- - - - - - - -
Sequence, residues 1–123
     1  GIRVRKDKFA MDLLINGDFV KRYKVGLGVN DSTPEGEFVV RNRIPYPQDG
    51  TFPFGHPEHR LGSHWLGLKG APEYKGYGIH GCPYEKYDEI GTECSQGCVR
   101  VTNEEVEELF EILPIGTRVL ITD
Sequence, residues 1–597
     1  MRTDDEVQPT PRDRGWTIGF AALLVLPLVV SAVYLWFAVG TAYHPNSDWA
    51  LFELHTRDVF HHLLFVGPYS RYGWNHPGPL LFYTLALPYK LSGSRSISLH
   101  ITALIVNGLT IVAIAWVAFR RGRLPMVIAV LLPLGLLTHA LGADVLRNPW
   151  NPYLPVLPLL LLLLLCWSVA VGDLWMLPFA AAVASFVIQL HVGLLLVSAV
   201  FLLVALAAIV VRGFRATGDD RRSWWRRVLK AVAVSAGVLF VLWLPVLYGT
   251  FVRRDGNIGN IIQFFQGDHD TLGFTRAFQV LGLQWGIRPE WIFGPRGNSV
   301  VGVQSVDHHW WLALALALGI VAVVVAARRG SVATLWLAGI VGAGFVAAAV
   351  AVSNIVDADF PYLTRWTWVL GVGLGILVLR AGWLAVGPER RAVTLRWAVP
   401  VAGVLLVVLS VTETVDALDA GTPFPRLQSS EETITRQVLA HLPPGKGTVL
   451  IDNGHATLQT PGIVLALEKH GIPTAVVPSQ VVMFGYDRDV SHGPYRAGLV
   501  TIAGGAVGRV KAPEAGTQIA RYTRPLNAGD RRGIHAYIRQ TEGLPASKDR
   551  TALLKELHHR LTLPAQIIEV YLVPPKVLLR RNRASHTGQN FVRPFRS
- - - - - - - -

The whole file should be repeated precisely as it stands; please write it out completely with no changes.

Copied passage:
Sequence, residues 1–123
     1  GIRVRKDKFA MDLLINGDFV KRYKVGLGVN DSTPEGEFVV RNRIPYPQDG
    51  TFPFGHPEHR LGSHWLGLKG APEYKGYGIH GCPYEKYDEI GTECSQGCVR
   101  VTNEEVEELF EILPIGTRVL ITD
Sequence, residues 1–597
     1  MRTDDEVQPT PRDRGWTIGF AALLVLPLVV SAVYLWFAVG TAYHPNSDWA
    51  LFELHTRDVF HHLLFVGPYS RYGWNHPGPL LFYTLALPYK LSGSRSISLH
   101  ITALIVNGLT IVAIAWVAFR RGRLPMVIAV LLPLGLLTHA LGADVLRNPW
   151  NPYLPVLPLL LLLLLCWSVA VGDLWMLPFA AAVASFVIQL HVGLLLVSAV
   201  FLLVALAAIV VRGFRATGDD RRSWWRRVLK AVAVSAGVLF VLWLPVLYGT
   251  FVRRDGNIGN IIQFFQGDHD TLGFTRAFQV LGLQWGIRPE WIFGPRGNSV
   301  VGVQSVDHHW WLALALALGI VAVVVAARRG SVATLWLAGI VGAGFVAAAV
   351  AVSNIVDADF PYLTRWTWVL GVGLGILVLR AGWLAVGPER RAVTLRWAVP
   401  VAGVLLVVLS VTETVDALDA GTPFPRLQSS EETITRQVLA HLPPGKGTVL
   451  IDNGHATLQT PGIVLALEKH GIPTAVVPSQ VVMFGYDRDV SHGPYRAGLV
   501  TIAGGAVGRV KAPEAGTQIA RYTRPLNAGD RRGIHAYIRQ TEGLPASKDR
   551  TALLKELHHR LTLPAQIIEV YLVPPKVLLR RNRASHTGQN FVRPFRS